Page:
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Thread: query help (JOIN?)

  1. #1

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    Frenzied Member wengang's Avatar
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    query help (JOIN?)

    Hi all.
    I'm pretty familiar with LEFT JOIN, but this probably isn't that.

    I have two tables, tblJOBS and tblEMPLOYEES.
    tblJOBS is all about the jobs, and has one column (EMPLOYEE_ID) that links an employee in tblEmployees to a given job.
    Ordinarily, I would select columns from both tables in a left join (from tblJOBS LEFT JOIN tblEMPLOYEES) to build the recordset I need.

    As I understand LEFT JOIN, I will still get the records from tblJOBS even if there is no value in Employee_ID.

    But I also need a record in the table if there happens to be an employee in tblEMPLOYEES who is not linked to a job in tblJOBS.
    That row of data would have blanks for all the tblJOBS fields and information for all the tblEMPLOYEES fields.

    Is there come kind of fancy join that makes this result?
    Thanks.
    Wen Gang, Programmer
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  2. #2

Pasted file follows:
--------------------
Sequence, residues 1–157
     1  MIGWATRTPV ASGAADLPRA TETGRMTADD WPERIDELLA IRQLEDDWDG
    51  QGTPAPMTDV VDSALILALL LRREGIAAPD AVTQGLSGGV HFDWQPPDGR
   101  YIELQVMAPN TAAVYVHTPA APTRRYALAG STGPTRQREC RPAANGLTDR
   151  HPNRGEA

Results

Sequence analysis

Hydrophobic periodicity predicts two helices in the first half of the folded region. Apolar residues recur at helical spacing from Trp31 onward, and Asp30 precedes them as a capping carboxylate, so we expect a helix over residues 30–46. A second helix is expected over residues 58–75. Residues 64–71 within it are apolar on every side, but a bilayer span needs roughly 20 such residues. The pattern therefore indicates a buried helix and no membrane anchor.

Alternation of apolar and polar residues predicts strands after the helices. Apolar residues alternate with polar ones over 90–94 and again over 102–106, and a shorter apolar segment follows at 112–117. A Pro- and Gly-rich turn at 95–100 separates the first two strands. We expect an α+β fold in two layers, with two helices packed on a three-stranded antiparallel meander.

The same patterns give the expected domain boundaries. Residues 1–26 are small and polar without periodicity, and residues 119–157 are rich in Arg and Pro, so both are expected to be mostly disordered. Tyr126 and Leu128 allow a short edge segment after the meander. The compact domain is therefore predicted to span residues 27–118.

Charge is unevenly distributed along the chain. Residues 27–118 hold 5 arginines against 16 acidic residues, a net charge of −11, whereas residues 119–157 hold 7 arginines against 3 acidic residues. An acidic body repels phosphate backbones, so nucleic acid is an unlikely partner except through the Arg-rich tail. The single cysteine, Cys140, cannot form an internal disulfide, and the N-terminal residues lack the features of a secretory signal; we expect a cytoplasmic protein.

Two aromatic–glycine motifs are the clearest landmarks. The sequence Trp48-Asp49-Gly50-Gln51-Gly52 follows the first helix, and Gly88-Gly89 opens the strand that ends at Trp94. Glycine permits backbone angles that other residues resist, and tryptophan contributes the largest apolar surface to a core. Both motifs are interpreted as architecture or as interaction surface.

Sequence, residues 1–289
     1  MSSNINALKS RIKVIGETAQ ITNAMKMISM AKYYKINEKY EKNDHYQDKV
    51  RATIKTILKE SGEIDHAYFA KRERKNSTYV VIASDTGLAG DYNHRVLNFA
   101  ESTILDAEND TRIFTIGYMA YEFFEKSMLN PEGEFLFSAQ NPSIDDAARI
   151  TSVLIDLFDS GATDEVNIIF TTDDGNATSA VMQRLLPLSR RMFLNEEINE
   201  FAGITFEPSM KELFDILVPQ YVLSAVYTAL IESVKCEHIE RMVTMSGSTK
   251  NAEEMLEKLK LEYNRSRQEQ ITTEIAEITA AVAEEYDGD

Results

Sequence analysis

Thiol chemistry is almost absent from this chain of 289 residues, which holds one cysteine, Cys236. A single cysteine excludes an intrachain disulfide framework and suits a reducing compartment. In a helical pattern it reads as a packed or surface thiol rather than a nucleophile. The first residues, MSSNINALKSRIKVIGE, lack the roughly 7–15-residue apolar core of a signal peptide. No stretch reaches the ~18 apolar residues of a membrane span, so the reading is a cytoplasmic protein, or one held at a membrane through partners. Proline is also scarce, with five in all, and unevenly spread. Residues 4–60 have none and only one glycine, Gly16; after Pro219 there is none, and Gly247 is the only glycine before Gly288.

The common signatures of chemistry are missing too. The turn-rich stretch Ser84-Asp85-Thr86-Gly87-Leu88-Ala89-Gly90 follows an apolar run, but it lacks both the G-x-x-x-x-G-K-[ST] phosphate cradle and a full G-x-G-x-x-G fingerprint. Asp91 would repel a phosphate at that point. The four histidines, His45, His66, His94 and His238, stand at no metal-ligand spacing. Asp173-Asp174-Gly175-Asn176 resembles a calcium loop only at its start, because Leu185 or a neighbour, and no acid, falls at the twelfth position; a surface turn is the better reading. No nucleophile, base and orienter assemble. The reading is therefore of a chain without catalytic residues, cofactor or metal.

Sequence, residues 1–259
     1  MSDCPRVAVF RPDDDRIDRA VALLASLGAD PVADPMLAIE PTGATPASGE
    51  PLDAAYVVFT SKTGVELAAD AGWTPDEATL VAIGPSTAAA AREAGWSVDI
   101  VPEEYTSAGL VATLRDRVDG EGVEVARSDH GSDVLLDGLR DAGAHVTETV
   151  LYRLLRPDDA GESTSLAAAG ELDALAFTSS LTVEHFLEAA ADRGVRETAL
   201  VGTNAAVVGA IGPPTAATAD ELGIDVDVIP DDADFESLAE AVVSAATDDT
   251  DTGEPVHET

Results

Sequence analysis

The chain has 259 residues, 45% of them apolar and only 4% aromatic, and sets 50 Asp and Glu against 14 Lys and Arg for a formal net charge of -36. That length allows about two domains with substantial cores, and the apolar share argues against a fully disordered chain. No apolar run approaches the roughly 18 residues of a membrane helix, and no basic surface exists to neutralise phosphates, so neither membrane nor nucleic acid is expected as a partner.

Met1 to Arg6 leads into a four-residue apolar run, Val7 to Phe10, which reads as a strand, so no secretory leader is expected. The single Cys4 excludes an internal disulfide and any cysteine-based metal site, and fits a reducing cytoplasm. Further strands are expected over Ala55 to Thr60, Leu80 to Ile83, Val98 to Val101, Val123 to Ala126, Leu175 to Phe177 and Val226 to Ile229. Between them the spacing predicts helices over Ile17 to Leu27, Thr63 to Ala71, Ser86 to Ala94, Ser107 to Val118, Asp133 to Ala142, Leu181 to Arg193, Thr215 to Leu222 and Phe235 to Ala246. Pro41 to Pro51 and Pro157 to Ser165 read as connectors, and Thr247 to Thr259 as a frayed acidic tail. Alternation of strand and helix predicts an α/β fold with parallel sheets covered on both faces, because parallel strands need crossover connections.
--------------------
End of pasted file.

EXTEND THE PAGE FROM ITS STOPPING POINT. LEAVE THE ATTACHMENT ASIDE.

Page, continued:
Super Moderator Shaggy Hiker's Avatar
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    Re: query help (JOIN?)

    Sounds like a RIGHT OUTER Join, which would be a very strange animal indeed.

    Take a look at the example here:

    https://www.w3schools.com/sql/sql_join_right.asp
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  3. #3
    Smooth Moperator techgnome's Avatar
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    Re: query help (JOIN?)

    At first I thought maybe a FULL OUTER JOIN is what you'd need... but then I realized you wouldn't have a job w/o an employee... that doesn't make sense. So, yeah, a RIGHT JOIN might work. I'd probably write it as a LEFT JOIN starting with the Employee table then joining to the Jobs table, rather than the other way around. But it depends if you're writing this from scratch or having to bolt this onto something existing.

    -tg
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    PowerPoster Zvoni's Avatar
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    Re: query help (JOIN?)

    Agree with tg: how can you have a job without an employee?
    anyway: FULL OUTER JOIN would have been my choice here, but that depends on the Database (e.g. MySQL doesn't support FOJ)
    Workaround might be a "m:m"-Setup with LEFT JOIN on jobs, and RIGHT JOIN on employees with the "connecting" table in the middle

    To test everything some sample data would be nice
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    Re: query help (JOIN?)

    Hi guys.
    Thanks for the answers.
    Actually, there will be jobs without employees and employees without jobs.
    Hard to explain why but it has to do with vacancies and overhires.
    I sometimes will have a record where there is just the employee information, and other times, a job that is currently unfilled with no employee information. But most records will have job and employee information.
    Maybe I should call these "positions" instead of jobs to make it clearer.